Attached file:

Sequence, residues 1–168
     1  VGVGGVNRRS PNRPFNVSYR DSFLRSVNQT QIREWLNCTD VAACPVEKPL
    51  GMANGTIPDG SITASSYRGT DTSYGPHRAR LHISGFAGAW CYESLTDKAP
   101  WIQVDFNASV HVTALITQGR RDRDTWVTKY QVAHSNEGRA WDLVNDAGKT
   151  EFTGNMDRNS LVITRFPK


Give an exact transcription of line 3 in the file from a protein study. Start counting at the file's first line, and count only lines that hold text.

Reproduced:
    51  GMANGTIPDG SITASSYRGT DTSYGPHRAR LHISGFAGAW CYESLTDKAP